Risky Stocks? 2020’s Best and Worst Dividend Aristocrats

Alimentation Couche-Tard Inc. (TSX:ATD.B) has proven resilient during the pandemic. Other stocks have been less fortunate.

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We’re halfway through the year – and what a year it’s been so far. A recovery seems baked into the markets, though, which could spell a rocky second act for 2020. Income investors should therefore be building positions in only the most stable businesses.

It seems as good a time as any to recap Canada’s top dividend growth stocks. Let’s review some the best names on the TSX Canadian Dividend Aristocrats Index.

The best of the best dividend stocks

It’s been a tough few months by anyone’s standards. Gold and consumer staples remain strong plays, indicating risk. Historical troughs and heroic peaks have seen fortunes won and lost (mostly lost). The wreckage of the March market crash is still being reckoned with, despite rallies and bullish analysts. That’s why so few names on the TSX Canadian Dividend Aristocrats Index are still in the green year on year.

Franco-Nevada (TSX:FNV)(NYSE:FNV) has seen its share price rocket 39% since last year. Not only is this gold mining stock the only meaningfully positive name in the Aristocrats Index, but it’s one of the strongest plays on the TSX all round.

A 0.77% dividend is scraping the bottom of the barrel in terms of yield. However, payments have grown reliably, making this a canny pick for years-long income investing.

By comparison, the only other stocks that remain positive among Franco-Nevada’s peers are miles below in terms of appreciation. Alimentation Couche-Tard is just about positive on average for the last 12 months, for example. CN Rail likewise is treading water, while BCE managed to lose just 5% since last June.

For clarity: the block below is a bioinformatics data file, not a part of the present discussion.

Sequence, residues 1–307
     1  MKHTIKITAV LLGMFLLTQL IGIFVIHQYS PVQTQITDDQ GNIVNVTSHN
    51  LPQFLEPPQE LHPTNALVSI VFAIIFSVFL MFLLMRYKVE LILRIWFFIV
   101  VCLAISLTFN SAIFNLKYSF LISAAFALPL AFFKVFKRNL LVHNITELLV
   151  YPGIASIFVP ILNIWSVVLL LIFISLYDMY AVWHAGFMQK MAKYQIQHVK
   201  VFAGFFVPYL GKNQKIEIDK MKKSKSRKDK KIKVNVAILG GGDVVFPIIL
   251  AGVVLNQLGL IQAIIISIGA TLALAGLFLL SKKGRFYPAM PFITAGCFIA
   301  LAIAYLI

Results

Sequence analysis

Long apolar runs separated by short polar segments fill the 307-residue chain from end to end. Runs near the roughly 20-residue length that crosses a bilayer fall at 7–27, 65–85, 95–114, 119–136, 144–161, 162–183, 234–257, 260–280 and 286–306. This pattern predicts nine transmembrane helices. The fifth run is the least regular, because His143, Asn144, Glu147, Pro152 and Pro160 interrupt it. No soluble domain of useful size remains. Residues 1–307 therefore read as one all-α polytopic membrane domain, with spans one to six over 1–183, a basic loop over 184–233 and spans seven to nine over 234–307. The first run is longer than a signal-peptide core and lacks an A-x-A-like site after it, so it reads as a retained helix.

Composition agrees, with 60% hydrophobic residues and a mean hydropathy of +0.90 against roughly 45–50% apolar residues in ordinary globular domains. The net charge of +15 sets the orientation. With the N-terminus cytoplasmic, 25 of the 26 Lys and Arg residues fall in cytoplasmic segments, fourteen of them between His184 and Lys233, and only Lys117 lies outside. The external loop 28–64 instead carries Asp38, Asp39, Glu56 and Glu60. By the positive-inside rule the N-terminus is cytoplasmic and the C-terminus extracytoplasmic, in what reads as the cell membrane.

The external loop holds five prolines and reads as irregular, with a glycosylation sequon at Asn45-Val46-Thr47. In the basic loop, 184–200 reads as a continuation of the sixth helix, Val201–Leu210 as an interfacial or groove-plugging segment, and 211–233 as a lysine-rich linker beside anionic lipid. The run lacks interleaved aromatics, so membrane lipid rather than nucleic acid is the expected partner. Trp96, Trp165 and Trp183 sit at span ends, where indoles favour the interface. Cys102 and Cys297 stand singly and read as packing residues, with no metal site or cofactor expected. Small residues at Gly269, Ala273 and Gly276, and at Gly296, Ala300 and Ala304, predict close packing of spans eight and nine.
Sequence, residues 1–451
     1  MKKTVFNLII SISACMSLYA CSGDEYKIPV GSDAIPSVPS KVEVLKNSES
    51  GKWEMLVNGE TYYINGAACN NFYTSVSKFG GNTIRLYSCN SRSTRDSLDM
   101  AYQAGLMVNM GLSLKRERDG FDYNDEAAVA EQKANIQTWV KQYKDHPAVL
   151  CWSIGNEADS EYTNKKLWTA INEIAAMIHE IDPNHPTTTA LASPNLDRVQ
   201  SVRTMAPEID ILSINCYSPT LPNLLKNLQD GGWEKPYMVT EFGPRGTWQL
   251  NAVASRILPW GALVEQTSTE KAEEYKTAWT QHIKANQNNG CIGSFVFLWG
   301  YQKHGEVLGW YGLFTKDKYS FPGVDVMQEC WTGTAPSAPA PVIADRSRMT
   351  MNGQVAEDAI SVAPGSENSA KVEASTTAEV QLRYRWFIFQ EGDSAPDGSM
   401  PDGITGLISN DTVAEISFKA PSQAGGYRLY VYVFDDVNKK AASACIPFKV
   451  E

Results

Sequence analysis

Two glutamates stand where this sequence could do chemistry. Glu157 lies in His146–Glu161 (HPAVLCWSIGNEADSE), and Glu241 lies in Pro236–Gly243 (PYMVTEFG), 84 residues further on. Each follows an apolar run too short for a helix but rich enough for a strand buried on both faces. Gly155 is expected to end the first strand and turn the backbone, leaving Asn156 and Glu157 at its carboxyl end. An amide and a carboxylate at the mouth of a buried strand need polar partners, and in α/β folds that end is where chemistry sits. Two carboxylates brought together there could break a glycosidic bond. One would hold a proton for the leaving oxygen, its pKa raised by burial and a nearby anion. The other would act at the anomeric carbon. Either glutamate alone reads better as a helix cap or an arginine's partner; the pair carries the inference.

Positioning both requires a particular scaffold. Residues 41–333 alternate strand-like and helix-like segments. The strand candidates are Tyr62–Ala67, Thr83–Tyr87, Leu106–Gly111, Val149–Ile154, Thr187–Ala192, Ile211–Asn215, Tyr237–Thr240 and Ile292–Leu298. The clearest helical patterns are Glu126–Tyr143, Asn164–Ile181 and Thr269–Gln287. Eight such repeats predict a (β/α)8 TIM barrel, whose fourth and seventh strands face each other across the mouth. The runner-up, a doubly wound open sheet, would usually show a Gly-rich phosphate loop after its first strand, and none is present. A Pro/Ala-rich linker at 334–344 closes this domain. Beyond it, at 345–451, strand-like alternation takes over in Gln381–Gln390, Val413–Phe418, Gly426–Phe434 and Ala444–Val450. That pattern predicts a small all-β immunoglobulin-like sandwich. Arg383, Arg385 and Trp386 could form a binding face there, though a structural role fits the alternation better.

The worst Dividend Aristocrat stock performers this year

The Big Five has been hammered this year. Scotiabank is down by around 23%, while the worst performer in this category is currently BMO, down 25%. CIBC is down 13%, while TD Bank lost 15% in the last 12 months. RBC, Canada’s biggest bank, lost 10%. So much for the hegemony of the Big Five.

However, the year isn’t out yet, and with the economy on thin ice it could still go either way for the Big Five. A glance would tell new investors, though, that TD Bank and RBC are clear front-runners in terms of lower-risk plays in the blue-chip financials space.

Insurance stocks have been among the worst affected of Canada’s Dividend Aristocrats. The fact that the pandemic has essentially rearranged the insurance industry has not escaped investors. Manulife is down 29%, while Power Corporation of Canada has lost around 29% year-on-year. Great-West Lifeco has lost 27% and Sun Life Financial shed 16% since last June.

Hydrocarbon-weighted energy stocks have fared poorly, with Canadian Natural Resources down by a massive 43%. Midstreamers have been unpopular, too, with Pembina Pipeline ditching 27% and even the mighty Enbridge sliding 18%.

The take-home message here is that the trends of 2019 have continued into 2020. Hydrocarbon stocks were already looking weak, while banks were never going to be crowd-pleasers during a recession. Meanwhile, gold and consumer staples continue to outperform as risk characterizes a frothy market ripe for a painful correction.

This article represents the opinion of the writer, who may disagree with the “official” recommendation position of a Motley Fool premium service or advisor. We’re Motley! Questioning an investing thesis — even one of our own — helps us all think critically about investing and make decisions that help us become smarter, happier, and richer, so we sometimes publish articles that may not be in line with recommendations, rankings or other content.

Fool contributor Victoria Hetherington has no position in any of the stocks mentioned. David Gardner owns shares of Canadian National Railway. The Motley Fool owns shares of and recommends Canadian National Railway and Enbridge. The Motley Fool recommends ALIMENTATION COUCHE-TARD INC, BANK OF NOVA SCOTIA, Canadian National Railway, and PEMBINA PIPELINE CORPORATION.

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